Milder Air Will Melt More Snow This Week, But We Are Still Weeks Away From Bare Ground

Melting snow, unless you are a ski enthusiast, those words are likely music to your ears. This week, temperatures are going to reach the melting point every day and therefore the snow will continue to disappear.

Because snow is a solid, it can take on the temperature of the surrounding air. Have you ever felt how cold the surfaces of your counter tops get in the house? What about the metal tip of a ski pole? If you put your tongue on the tip of a ski pole while riding a chair lift on a bitter cold day, your tongue will get stuck to the pole. The reason your tongue freezes to the pole, is because the metal is so cold it can instantly freeze the saliva on your tongue to it. (Yes, I know from experience, but only once).


Snow isn’t at exactly 32F, any more than the ice in your freezer is at 32F. The colder the air in your freezer, the colder the ice will become. Ice at 31F will melt much faster than ice at 10F, because the colder ice needs to absorb more energy to reach the melting point. The same thing is true with the snow on the ground.

The map below shows the temperature of the snowpack this morning. Notice across the south shore of Massachusetts the snow is approaching 32F or melting. This means in those areas there will be a more rapid loss of snow this week. The colder snow across the coast of Connecticut and Rhode Island as well as in pockets over Cape Cod is because of the newer snow that fell on Friday. That’s is why there is a blue strip of color in those areas.

snowpack temperatures.jpg

Snow Can Be Very Cold
In order for snow to melt, it must reach over 32F, the snow in Maine won’t melt nearly as fast as the snow in southern New England because the snow there is so much colder. Where there snow is colder, a larger percentage of the sun’s energy this week will be used to get the temperature of the snow closer to 32F. Snow melt becomes more rapid as the average snowpack temperature reaches close the melting point.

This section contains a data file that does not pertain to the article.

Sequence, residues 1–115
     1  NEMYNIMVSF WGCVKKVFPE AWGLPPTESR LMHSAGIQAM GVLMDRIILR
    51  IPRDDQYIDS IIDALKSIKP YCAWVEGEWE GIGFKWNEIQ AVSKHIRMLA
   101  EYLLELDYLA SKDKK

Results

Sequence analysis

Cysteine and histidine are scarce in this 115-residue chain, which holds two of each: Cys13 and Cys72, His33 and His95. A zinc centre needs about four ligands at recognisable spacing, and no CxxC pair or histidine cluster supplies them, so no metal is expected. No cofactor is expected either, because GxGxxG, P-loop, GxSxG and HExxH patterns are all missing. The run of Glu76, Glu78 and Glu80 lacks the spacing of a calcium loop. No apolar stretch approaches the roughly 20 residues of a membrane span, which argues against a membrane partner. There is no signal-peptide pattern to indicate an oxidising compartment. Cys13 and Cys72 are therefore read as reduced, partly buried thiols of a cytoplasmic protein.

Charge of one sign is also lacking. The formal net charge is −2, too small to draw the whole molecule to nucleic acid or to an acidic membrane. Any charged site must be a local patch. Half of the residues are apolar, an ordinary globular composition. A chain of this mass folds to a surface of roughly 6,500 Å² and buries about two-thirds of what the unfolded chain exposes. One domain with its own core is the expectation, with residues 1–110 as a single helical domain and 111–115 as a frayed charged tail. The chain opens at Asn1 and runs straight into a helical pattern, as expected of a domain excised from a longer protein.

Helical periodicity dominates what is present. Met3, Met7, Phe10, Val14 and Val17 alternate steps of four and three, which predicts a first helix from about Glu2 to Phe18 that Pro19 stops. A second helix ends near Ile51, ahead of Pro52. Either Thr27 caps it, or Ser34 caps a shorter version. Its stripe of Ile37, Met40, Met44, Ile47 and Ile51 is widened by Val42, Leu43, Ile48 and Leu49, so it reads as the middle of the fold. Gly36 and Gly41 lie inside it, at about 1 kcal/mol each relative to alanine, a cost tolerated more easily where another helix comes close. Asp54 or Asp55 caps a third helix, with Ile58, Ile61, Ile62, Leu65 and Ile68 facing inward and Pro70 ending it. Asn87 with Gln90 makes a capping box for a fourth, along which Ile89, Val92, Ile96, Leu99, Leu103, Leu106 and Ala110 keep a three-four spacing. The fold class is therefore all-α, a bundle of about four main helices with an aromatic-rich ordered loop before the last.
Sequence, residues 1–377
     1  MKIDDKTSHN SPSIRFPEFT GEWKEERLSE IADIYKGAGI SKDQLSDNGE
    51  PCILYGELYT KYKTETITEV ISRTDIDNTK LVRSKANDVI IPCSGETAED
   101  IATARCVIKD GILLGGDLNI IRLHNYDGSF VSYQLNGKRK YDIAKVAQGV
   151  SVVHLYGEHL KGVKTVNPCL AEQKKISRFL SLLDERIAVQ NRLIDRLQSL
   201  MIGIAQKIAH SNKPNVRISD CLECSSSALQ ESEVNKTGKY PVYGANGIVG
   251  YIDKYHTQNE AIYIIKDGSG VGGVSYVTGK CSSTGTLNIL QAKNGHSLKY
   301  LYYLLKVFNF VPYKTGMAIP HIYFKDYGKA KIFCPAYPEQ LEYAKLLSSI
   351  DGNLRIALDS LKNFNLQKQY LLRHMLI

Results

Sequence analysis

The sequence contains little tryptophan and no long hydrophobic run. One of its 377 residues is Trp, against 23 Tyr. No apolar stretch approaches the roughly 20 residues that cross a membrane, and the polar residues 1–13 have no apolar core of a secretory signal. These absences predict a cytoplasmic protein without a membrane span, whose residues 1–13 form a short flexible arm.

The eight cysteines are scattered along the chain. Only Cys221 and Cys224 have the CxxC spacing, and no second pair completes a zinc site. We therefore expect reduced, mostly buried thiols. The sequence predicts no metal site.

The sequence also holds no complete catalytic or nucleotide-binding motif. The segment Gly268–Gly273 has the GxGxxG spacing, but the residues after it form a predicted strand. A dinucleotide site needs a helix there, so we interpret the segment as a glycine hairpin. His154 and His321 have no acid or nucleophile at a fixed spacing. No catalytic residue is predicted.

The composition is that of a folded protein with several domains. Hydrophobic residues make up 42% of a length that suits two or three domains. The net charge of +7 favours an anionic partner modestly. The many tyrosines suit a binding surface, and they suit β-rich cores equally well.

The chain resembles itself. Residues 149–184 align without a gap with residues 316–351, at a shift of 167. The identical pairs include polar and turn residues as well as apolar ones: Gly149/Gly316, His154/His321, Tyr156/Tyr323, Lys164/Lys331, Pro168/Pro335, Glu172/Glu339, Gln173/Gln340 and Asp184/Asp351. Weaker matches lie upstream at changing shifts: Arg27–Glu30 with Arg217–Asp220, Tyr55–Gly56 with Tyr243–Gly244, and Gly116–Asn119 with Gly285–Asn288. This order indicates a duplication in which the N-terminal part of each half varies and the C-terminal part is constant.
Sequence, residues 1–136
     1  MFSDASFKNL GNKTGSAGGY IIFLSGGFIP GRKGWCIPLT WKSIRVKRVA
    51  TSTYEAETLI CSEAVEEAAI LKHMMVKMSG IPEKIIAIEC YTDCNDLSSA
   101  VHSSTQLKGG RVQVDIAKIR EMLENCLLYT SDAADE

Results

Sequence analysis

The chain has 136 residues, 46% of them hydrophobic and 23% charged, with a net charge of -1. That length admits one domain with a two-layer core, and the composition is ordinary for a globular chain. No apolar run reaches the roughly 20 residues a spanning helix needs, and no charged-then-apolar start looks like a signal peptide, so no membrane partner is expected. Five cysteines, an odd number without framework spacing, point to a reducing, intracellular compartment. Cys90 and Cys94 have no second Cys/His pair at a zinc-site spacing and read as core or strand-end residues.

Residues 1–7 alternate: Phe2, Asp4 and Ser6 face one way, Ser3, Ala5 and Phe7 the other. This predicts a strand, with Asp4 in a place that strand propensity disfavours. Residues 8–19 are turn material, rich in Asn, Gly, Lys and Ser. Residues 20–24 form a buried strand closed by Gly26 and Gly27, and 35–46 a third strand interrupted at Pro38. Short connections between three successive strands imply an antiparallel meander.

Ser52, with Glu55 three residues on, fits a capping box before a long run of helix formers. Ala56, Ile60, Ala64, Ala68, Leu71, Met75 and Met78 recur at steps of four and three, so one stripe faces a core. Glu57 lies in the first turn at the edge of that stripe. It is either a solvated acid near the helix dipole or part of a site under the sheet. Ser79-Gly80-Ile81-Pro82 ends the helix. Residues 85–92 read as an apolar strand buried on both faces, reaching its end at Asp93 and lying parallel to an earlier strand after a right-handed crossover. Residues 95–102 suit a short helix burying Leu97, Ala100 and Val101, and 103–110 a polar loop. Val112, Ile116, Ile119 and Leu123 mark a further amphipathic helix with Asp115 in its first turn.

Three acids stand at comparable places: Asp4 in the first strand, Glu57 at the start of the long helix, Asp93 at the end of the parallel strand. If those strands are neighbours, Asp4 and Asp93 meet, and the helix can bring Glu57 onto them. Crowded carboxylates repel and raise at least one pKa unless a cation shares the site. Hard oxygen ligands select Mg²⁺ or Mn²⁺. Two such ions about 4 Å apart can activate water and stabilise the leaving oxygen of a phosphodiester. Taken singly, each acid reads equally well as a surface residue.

The type of snow on the ground is also critical in determining how fast it will disappear. At this point, nearly all of the settling has occurred of the snow. However, as the snow warms and does melt, it will become denser and compact further. By the time we are down to our last 3 to 5 inches of snow, sometime late this month, what’s left will be very dense. Those last few inches of snow are often the toughest to melt because of its density and the fact the ground is still frozen solid. There will be a cooling effect from the bottom up until the ground is thawed.


If we had seen at least 6 inches of snow before the ground froze, then there would be some melting from the bottom of the snowpack this year. However, the bare ground and cold combined the first three weeks of January to allow the frost to penetrate at least 6-12 inches deep. The reason November snow doesn’t stick around very long, even if it’s cold, is because often there’s some melting from the unfrozen earth.


This Map Shows The Current Snow Depth As Of March 9th 2015

Past Melting Patterns
I think March 1969 is a good analog month for us to review in order to gauge when the ground will be snow free. The data below is for Worcester. While February that year wasn’t nearly as cold as this year, there was snow on the ground nearly all month. A cold start to March 1969 likely chilled the snow’s temperature to similar levels as we are seeing this year.

March 1969 31110.png

You can see a loss of about 5 inches per day around Saint Patrick’s Day with temperatures similar to what we are expecting this week. Of course, the sun is stronger 10 days from now, but it gives a rough idea why I think we will lose 5-10 inches of snow by Friday, with higher amounts disappearing where the snow is already warmer.


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March of 1969 also illustrates why I think the ground will be mostly bare on the level, by or during the first week of April. However, notice how long it took those last 5 inches of snow to disappear. The most frustrating part of returning to bare ground is likely going to be the final week before it happens.


Of course, one major rain storm with temperatures in the 60s can speed this entire process up, but with the flood risk quite high, that’s not what any of us should hope for.

Lastly, moving the clocks an hour doesn’t change how fast snow melts. However, if you move your clocks ahead 12 hours you can get the sun to come up at 7PM and then the melting occurs around midnight. Enjoy the day.

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